Allobates Zimmermann and Zimmermann, 1988

Class: Amphibia > Order: Anura > Superfamily: Dendrobatoidea > Family: Aromobatidae > Subfamily: Allobatinae > Genus: Allobates
63 species

Allobates Zimmermann and Zimmermann, 1988, Salamandra, 24: 136. Type species: Prostherapis femoralis Boulenger, 1884, by original designation.

English Names

Nurse Frogs (Melo-Sampaio, Oliveira, and Prates, 2018, S. Am. J. Herpetol., 13: 131. 

White-lined Poison Frogs (Hedges, Powell, Henderson, Hanson, and Murphy, 2019, Caribb. Herpetol., 67: 7). 


Pacific lowlands of Colombia and Ecuador, and north and west in Central America to Nicaragua; Guyanan region and Amazonian drainage of South America in Brazil, Bolivia, Peru, Ecuador, Colombia, Venezuela, Guyana, Surinam, and French Guiana; Martinique.


Allobates (sensu stricto) was removed from the synonymy of Epipedobates by Clough and Summers, 2000, Biol. J. Linn. Soc., 70: 515-540, where it had been placed by Myers, Paolillo-O., and Daly, 1991, Am. Mus. Novit., 3002: 18. See comments by Köhler, 2000, Bonn. Zool. Monogr., 48: 233-236. Vences, Kosuch, Boistel, Haddad, La Marca, and Lötters, 2003, Organisms Divers. Evol., 3: 219, suggested a phylogenetic placement of Allobates (sensu stricto). Grant, Frost, Caldwell, Gagliardo, Haddad, Kok, Means, Noonan, Schargel, and Wheeler, 2006, Bull. Am. Mus. Nat. Hist., 299, redelimited the genus and provided explicit phylogenetic hypotheses that modified or rejected previous views. Lötters, Jungfer, Henkel, and Schmidt, 2007, Poison Frogs: 303, suggested that a number of cryptic species remained to be named in the Allobates femoralis group. Grant, Rada, Anganoy-Criollo, Batista, Dias, Jeckel, Machado, and Rueda-Almonacid, 2017, S. Am. J. Herpetol., 12 (Special Issue): 1–90, rdiscussed the phylogenetics of the genus and ecognized four species groups: 22-chromosome group (Allobates algorei, Allobates amissibilis, Allobates bacurau, Allobates caeruleodactylus, Allobates chalcopis, Allobates crombei, Allobates flaviventris, Allobates gasconi, Allobates granti, Allobates grillisimilis, Allobates humilis, Allobates insperatus, Allobates juanii, Allobates magnussoni, Allobates masniger, Allobates nidicola, Allobates ornatus, Allobates paleovarzensis, Allobates pittieri, Allobates subfolionidicans, Allobates sumtuosus, Allobates tapajos, Allobates trilineatus), Allobates femoralis group (Allobates femoralis, Allobates zaporo), trans-Andean group (Allobates niputidea, Allobates talamancae), and Atlantic Forest group (Allobates olfersioides), with some others (Allobates fratisenescus, Allobates hodli, Allobates kingsburyi, Allobates peruvianus, Allobates undulatus) placed phylogenetically but unassigned to species group. Melo-Sampaio, Oliveira, and Prates, 2018, S. Am. J. Herpetol., 13: 131–149, discussed the molecular phylogenetics of the species in the genus, and the distribution and phenotypic variation of western Amazonian species.  Moraes, Pavan, and Lima, 2019, Zootaxa, 4648: 401–434, provided a mtDNA tree as part of biogeographic and a species delimitation study. Réjaud, Rodrigues, Crawford, Castroviejo-Fisher, Jaramillo-Martinez, Chaparro, Glaw, Gagliardi-Urrutia, Moravec, De la Riva, Pérez-Peña, Lima, Werneck, Hrbek, Ron, Ernst, Kok, Driskell, Chave, and Fouquet, 2020, J. Biogeograph., 47: 2472–2482, reported on the molecular biogeography of Allobates in Amazonia. Moraes and Lima, 2021, Herpetologica, 77: 146–163, provided a molecular tree of the species groups and their exemplars. Portik, Streicher, and Wiens, 2023, Mol. Phylogenet. Evol., 188 (107907): 57, 67, reported the non-monophyly of Allobates (and Aromobatidae and Dendrobatidae) on the basis of the placement in their molecular tree of Allobates ranoides, Allobates cepedai, and Allobates picachos; Allobates cepedai and Allobates picachos were transferred to Hyloxalus in 2017 by Grant, Rada, Anganoy-Criollo, Batista, Dias, Jeckel, Machado, and Rueda-Almonacid, 2017, S. Am. J. Herpetol., 12 (Special Issue): 55. As for the placement of Allobates ranoides by Portik et al. (2023), in Hyloxalus, Santos, Coloma, Summers, Caldwell, Ree, and Cannatella, 2009, PLoS Biol., 7(3: e1000056): 1–14, identified their sample of this species as belonging to Hyloxalus, although this still requires verification. Páez-Vacas, Coloma, and Santos, 2010, Zootaxa, 2711: 69, referred to this TNHC specimen as Hyloxalus sp.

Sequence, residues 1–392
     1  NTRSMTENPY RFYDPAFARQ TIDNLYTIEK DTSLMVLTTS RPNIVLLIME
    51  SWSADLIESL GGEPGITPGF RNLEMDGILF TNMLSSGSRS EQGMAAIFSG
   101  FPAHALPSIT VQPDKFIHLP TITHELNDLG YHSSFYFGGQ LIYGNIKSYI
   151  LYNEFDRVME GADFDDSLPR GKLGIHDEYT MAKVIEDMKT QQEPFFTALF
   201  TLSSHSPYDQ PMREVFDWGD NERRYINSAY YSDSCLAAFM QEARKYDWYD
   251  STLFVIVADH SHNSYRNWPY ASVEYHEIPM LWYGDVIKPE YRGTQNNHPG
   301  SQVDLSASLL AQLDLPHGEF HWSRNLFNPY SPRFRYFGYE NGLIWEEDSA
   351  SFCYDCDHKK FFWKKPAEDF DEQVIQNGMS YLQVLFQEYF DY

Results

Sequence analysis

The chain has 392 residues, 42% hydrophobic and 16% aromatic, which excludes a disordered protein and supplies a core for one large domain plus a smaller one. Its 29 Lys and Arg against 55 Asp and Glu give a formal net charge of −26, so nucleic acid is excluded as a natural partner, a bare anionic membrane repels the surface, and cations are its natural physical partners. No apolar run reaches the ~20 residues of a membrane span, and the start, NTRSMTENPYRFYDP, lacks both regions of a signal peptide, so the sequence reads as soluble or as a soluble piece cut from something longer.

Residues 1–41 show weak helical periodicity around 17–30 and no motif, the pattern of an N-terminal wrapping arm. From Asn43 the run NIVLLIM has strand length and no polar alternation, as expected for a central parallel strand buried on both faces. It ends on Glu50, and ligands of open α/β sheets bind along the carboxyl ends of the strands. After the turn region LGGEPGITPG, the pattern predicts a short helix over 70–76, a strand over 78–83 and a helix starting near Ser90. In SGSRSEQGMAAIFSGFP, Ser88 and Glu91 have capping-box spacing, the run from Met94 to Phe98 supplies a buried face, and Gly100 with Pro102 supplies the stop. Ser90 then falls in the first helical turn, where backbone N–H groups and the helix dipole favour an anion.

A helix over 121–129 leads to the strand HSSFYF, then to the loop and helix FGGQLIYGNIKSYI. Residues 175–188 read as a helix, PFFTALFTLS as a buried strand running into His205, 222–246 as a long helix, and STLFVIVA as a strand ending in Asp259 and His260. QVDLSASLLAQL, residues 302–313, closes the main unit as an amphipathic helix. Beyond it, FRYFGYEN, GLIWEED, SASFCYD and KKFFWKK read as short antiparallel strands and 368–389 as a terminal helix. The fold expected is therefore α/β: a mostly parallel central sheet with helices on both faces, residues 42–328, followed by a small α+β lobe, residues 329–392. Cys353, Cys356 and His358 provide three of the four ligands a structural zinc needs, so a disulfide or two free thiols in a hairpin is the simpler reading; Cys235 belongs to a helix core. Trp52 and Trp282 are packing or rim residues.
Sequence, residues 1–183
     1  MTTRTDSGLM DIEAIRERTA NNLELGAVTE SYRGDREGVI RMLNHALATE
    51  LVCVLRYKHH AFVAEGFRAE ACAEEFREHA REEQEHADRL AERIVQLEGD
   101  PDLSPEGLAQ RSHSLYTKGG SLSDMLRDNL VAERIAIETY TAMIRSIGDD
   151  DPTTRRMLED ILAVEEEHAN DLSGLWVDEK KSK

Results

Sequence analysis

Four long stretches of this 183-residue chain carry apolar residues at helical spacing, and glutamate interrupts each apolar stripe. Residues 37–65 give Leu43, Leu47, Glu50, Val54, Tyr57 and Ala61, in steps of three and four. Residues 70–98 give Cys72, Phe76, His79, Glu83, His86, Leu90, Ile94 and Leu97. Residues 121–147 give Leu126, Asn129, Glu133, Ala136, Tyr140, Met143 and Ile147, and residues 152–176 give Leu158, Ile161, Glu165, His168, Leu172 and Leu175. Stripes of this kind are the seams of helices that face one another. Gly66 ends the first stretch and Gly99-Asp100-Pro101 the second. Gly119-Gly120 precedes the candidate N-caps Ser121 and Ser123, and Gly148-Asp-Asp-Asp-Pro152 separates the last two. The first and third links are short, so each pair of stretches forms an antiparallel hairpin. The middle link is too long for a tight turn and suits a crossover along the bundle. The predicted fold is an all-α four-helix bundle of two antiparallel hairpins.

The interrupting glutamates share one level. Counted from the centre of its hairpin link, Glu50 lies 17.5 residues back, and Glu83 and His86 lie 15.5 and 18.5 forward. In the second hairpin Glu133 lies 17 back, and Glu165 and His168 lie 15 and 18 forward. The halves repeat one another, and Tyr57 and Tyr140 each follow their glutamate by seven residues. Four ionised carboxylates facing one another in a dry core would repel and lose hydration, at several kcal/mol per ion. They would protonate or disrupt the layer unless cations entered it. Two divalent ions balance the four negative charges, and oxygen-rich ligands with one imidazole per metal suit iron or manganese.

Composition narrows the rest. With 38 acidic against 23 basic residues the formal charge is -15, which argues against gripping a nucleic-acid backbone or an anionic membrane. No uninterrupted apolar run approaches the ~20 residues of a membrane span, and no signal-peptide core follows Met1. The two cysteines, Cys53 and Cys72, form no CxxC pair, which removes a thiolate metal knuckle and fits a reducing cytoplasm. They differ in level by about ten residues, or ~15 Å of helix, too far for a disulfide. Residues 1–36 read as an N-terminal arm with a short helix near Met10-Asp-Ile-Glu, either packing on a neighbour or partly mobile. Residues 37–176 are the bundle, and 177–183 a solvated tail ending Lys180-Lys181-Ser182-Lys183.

Contained taxa (63 sp.):

External links:

Please note: these links will take you to external websites not affiliated with the American Museum of Natural History. We are not responsible for their content.